Triple bottom line accounting – Sustainability performance measure– Integrating Green SCOR Companies are increasingly choosing ‘Ecological Footprint’ or ‘carbon footprint’ as possible indicators of their environmental impacts. While use of Ecological Footprint for business has been considered for some time (Holland, 2003), carbon footprint assessments in particular have gained enormous popularity in 2006 & 2007 only with several high-profile reports, conferences or private & public initiatives dealing with this subject. Both indicators, Ecological Footprint (EF) and carbon footprint (CF), can be incorporated into a TBL reporting scheme. An organization's financial accounts, together with on-site impact data, act as input. Software outputs include aggregate figures, detailed breakdowns and rankings of EF, CF & other economic, social and environmental indicators. Sector benchmarking, structural path analysis (upstream supply chain analysis) and production layer decomposition are available for all indicators. Quantification of ‘shared responsibility’ is realized by delineating impacts into mutually exclusive & collectively exhaustive portions of responsibility to be shared by all agents along a supply chain). Reporting on the Ecological Footprint as well as triple bottom line can deliver full benefits of reporting, including: ability to make comparisons within & between organizations; completely transparent communication to all stakeholders; & detailed information across the whole supply chain as a basis for strategic decision making. 70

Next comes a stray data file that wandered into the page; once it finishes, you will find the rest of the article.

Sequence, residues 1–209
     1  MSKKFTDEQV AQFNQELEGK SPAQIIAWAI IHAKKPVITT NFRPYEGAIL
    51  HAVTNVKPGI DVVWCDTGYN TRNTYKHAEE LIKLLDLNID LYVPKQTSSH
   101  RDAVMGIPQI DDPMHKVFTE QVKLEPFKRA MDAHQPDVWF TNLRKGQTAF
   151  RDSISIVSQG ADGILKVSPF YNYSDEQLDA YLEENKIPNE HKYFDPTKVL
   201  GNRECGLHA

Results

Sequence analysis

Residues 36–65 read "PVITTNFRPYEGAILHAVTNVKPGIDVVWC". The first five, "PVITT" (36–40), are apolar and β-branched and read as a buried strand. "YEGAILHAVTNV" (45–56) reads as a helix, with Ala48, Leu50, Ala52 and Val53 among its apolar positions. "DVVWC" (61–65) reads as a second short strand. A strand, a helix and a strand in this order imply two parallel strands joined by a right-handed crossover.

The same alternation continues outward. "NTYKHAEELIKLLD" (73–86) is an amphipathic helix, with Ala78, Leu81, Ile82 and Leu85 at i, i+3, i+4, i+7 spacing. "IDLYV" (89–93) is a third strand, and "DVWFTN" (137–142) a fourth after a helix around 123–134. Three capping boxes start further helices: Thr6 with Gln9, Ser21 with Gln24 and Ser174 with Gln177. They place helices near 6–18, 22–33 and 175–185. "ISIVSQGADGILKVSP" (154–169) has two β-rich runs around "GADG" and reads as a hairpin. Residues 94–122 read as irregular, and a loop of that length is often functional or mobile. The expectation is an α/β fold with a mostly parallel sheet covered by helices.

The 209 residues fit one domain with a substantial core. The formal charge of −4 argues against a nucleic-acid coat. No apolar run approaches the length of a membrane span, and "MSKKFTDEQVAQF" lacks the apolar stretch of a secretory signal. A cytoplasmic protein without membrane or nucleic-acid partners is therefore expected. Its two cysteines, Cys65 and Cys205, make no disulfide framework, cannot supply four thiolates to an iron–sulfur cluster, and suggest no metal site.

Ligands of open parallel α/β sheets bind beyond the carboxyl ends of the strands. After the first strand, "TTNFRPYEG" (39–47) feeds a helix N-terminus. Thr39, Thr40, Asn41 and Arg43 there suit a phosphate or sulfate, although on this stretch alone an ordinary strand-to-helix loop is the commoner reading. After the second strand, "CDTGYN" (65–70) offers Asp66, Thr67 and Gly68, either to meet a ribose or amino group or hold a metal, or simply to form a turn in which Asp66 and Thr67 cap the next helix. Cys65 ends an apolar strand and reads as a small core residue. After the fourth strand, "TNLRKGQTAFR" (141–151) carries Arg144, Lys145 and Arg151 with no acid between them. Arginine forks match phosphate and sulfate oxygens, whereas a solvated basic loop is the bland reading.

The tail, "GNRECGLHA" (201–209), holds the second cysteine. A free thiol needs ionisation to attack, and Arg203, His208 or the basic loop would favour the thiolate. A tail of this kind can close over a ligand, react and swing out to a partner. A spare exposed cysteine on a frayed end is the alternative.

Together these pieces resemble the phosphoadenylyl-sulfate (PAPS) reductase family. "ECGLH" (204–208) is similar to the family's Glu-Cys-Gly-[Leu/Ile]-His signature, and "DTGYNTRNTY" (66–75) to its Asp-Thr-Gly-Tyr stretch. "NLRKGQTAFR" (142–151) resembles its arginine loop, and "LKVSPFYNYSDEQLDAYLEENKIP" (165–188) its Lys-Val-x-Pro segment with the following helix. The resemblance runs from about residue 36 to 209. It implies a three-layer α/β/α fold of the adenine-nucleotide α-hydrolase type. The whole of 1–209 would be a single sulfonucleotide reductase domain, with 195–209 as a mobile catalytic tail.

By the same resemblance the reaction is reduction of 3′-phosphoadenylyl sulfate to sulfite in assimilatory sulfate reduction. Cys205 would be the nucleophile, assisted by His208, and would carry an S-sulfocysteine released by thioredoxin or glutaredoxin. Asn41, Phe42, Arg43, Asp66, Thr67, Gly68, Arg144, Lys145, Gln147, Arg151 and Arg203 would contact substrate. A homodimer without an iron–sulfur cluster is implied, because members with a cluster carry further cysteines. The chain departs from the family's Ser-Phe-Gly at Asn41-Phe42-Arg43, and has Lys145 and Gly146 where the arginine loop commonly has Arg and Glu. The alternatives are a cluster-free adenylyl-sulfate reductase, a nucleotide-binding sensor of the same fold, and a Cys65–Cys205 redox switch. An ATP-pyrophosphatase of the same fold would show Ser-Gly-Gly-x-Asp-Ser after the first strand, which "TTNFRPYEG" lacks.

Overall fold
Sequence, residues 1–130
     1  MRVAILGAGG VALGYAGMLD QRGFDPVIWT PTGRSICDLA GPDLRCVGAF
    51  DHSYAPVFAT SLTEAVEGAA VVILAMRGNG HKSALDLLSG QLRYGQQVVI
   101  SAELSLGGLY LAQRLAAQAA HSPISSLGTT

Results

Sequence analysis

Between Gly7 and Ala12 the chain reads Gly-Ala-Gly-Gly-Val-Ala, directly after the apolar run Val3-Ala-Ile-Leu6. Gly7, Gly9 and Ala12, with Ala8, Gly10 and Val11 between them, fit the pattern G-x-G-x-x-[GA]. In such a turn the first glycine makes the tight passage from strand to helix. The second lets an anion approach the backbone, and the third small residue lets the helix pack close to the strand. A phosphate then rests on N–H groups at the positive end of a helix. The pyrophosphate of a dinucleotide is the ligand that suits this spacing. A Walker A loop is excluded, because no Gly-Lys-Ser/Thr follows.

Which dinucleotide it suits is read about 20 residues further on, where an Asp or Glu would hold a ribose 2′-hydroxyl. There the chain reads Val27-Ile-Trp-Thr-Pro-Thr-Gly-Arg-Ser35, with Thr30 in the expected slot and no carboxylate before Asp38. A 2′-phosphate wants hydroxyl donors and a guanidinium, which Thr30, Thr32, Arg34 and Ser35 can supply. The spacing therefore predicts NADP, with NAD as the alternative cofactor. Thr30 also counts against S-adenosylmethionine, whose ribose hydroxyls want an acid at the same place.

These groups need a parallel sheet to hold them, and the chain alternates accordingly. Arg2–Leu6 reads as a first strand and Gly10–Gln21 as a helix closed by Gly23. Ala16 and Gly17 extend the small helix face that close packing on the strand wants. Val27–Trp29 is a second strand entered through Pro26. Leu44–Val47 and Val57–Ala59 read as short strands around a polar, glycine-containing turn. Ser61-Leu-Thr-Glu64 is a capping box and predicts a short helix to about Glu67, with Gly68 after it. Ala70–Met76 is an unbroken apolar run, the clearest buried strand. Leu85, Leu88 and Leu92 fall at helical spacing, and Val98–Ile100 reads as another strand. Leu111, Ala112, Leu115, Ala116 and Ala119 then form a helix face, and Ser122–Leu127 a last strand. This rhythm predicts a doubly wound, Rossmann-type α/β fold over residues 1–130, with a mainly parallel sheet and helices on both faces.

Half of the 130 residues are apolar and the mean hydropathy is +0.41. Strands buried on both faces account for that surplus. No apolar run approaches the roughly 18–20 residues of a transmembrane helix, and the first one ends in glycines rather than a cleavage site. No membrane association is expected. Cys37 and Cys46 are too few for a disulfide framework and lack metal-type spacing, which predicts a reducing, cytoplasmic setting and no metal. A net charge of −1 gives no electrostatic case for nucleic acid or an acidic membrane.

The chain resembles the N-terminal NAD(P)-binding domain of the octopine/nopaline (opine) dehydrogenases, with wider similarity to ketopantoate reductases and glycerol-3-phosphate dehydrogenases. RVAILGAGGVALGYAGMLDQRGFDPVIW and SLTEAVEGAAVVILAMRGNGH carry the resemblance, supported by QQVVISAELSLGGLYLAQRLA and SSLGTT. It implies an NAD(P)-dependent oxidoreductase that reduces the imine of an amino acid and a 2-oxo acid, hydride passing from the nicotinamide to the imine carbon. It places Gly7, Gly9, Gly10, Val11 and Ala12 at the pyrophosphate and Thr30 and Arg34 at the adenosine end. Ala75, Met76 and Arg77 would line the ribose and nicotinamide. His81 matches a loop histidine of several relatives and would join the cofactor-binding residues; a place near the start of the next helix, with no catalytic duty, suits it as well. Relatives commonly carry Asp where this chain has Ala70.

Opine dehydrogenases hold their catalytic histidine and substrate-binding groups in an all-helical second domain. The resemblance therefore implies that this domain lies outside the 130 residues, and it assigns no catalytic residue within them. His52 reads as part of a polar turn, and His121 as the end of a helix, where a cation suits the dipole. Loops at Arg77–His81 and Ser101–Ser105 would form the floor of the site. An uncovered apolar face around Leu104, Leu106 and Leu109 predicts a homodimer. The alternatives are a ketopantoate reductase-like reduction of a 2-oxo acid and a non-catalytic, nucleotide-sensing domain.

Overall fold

WBCSD Framework – Integrated with environmental, social and health impact assessments (ESHIAs) – Integrating Green SCOR 71
WBCSD Framework STEP 1 – SET BOUNDARIES “Define your business” Determine the scope and depth of the overall assessment in terms of geographical boundary and types of business activities to be assessed.
Collect development context information for the assessment area
Select the business activities to be assessed
STEP 2 – MEASURE DIRECT AND INDIRECT IMPACTS “Measure your company footprint” Identify and measure direct and indirect impacts, mapping out what is within the company’s control & what it can influence through its business activities.
Identify the sources of impact for each business activity
Identify relevant indicators for direct and indirect impacts